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New York City Ballet

Tribute to Broadway: 'Fancy Free', 'Who Cares?', 'West Side Story Suite'

by Colleen Boresta

May 26(m), 2013 -- Koch Theater, New York, NY

Even though New York City Ballet’s American Music Festival officially ended on May 19th, the May 26th matinee performance features music by Americans George Gershwin and Leonard Bernstein.

The afternoon begins with ‘Fancy Free’. ‘Fancy Free’ was the first collaboration between choreographer Jerome Robbins and composer Leonard Bernstein. It is the story of three sailors on leave in New York City during World War II. They are, of course, looking for fun and women. ‘Fancy Free’ is as fresh today as when it was first performed in 1944. The jazzy score by Bernstein fits Robbins’ choreography perfectly.

As the three sailors Joaquin De Luz, Robert Fairchild and Andrew Veyette have great chemistry. They are very believable as close friends. De Luz is all high-flying energy as the first sailor. As the dreamy second sailor Robert Fairchild is just perfect. Veyette’s rumba dancing third sailor does not have the Latin flair of American Ballet Theatre dancers like Jose Manuel Carreno and Marcelo Gomes but he nails all the moves producing a sexy comic dance. Gretchen Smith and Tiler Peck are very good as the two girls the sailors fight over.

The second work on the program is ‘Who Cares?’ It contains choreography by George Balanchine and is set to sixteen George and Ira Gershwin tunes. The first segment of this ballet is danced by ten female corps dancers and ten soloists – five girls and five boys. ‘Who Cares?’ really comes to life when the soloists perform duets to songs like “Somebody Loves Me” and “That Certain Feeling”. All the young dancers are equally good.

Then the lights dim and the second part of ‘Who Cares?’ starts. This section of the piece has often been compared to Balanchine’s ‘Apollo’. There is one man and three women. Each of the women dances once with the man and once by herself. Then the man gets to do his solo. ‘Who Cares?’ concludes with the entire company dancing to “I’ve Got Rhythm”.

Amar Ramasar’s pas de deux with a luminous Steling Hyltin to “The Man I Love” is just exquisite. He also dances with the briskly witty Ashley Bouder to “Who Cares?” and the sweetly demure Teresa Reichlen to “Embraceable You.” Reichlen seems a little tall for Ramasar, especially when she goes on pointe.

 

 

As already mentioned, the principals each dance a solo. Ashley Bouder stands out for her musicality and spot on phrasing as she skips to “I’ll Build a Stairway to Paradise”. Teresa Reichlen is really more an adagio dancer and her solo to “My One and Only” lacks the needed sharpness. Sterling Hyltin shows off her incredible speed in her “Fascinatin’ Rhythm” number. Her steps are definitely more precise than when I saw her dance this solo on May 11th. I don’t think Hyltin is quite up to the level of Patricia McBride or Tiler Peck but she’s getting there. Amar Ramasar reminds me of a young Gene Kelly as he dances to “Liza”.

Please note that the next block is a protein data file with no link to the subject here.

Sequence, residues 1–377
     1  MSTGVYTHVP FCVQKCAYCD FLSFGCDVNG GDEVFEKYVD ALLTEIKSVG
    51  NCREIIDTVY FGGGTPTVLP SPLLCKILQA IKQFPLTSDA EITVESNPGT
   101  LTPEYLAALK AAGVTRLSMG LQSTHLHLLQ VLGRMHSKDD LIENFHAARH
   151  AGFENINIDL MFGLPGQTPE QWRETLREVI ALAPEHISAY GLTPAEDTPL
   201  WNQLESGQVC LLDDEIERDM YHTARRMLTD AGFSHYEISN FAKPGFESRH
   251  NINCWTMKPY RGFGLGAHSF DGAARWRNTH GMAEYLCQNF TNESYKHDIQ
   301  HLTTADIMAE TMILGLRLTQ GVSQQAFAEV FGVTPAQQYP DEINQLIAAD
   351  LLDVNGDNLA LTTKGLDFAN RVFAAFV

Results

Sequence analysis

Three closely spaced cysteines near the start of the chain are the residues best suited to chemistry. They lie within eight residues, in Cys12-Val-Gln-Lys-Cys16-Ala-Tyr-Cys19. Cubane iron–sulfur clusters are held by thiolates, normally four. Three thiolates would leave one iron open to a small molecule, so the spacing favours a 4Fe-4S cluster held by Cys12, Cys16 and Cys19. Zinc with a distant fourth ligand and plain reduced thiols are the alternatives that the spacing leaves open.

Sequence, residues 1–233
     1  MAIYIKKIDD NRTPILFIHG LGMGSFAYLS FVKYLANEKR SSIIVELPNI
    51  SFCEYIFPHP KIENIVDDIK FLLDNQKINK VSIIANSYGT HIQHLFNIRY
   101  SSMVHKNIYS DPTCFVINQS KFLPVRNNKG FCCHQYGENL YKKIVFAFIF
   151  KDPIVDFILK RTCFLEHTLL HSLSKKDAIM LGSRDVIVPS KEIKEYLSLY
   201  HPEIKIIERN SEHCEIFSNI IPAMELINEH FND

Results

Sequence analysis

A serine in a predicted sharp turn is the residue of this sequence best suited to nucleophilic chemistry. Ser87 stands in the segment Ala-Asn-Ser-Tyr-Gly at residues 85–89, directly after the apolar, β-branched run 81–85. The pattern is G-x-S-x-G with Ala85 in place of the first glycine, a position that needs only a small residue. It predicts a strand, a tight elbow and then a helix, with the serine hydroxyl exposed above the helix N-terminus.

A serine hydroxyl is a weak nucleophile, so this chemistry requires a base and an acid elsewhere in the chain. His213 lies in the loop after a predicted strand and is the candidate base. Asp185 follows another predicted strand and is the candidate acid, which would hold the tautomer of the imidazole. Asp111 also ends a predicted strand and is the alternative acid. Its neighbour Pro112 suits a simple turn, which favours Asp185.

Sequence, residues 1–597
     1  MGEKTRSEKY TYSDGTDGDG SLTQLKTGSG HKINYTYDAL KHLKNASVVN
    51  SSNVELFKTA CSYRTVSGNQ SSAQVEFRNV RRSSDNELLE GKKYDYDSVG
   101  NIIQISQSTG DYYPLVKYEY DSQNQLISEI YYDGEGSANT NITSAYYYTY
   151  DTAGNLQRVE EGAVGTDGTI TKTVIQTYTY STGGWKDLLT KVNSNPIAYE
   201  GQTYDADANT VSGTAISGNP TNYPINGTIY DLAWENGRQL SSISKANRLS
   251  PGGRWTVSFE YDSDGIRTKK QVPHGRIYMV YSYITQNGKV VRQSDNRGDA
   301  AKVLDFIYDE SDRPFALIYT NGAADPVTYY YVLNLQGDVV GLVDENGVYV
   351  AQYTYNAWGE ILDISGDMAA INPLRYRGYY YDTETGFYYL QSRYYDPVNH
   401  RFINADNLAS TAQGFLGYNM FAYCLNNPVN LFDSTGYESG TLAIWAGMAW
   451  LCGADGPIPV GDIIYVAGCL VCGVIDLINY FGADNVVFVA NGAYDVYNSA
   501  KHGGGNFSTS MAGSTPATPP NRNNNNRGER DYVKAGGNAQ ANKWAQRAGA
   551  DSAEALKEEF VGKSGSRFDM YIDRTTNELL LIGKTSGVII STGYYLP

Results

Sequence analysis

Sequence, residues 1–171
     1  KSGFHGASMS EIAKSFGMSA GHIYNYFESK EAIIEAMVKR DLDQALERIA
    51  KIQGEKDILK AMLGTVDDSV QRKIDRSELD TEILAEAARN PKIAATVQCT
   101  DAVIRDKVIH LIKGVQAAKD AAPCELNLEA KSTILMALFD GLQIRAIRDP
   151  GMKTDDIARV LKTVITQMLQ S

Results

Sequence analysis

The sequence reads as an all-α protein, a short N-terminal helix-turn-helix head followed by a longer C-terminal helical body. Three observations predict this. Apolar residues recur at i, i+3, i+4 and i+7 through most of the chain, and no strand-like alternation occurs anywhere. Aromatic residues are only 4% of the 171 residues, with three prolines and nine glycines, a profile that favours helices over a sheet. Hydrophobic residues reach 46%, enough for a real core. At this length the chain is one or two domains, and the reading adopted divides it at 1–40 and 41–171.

I still can’t stand the new costumes for the female corps dancers and soloists. Fortunately they don’t detract from the glorious joy that is George Balanchine’s love letter to New York City.

The program ends with Jerome Robbins and Leonard Bernstein’s ‘West Side Story Suite’. It is a modern Romeo and Juliet story, with Puerto Rican gang members (the Sharks) as the Capulets and white gang members (the Jets) as the Montagues. Tony is the best friend of Riff, who is the leader of the Jets. Tony falls in love with Maria, whose brother, Bernardo, leads the Sharks. The Jets and the Sharks get involved in a rumble and Bernardo kills Riff. In despair over the death of his closest friend, Tony kills Bernardo. This version of ‘West Side Story’ ends on a hopeful note. The Jets, Sharks and their girls all dance together to the music of “Somewhere”.

‘West Side Story Suite’ is a vigorous ballet which highlights male bravura dancing. Chase Finlay is a very young, idealistic Tony. The way he bounds toward the sky in his “Something’s Coming” solo is both touching and exuberant. Andrew Veyette leads the Jets with his virtuoso dancing. His voice, however, is merely okay. He does not sing “Cool” nearly as well as Nikolaj Hubbe or Damian Woetzel did, but they are both retired from NYCB.

The ladies also help make ‘West Side Story Suite’ memorable. Georgina Pazcoguin is a triple threat – great dancing, great singing, great acting. All flashing limbs and glorious attack,

Pazcoguin belts out a droll and cynical “America”. The ladies accompanying her are very good. Lauren Lovette’s Maria is artlessly pure.

As always, I find my eyes welling with tears during the “Something” finale. The blend of Leonard Bernstein’s music and Jerome Robbins’ choreography conveys me to that special “place for us.” I hope New York City Ballet continues to dance ‘Fancy Free’ ‘Who Cares?’ and ‘West Side Story Suite’ for many years to come.

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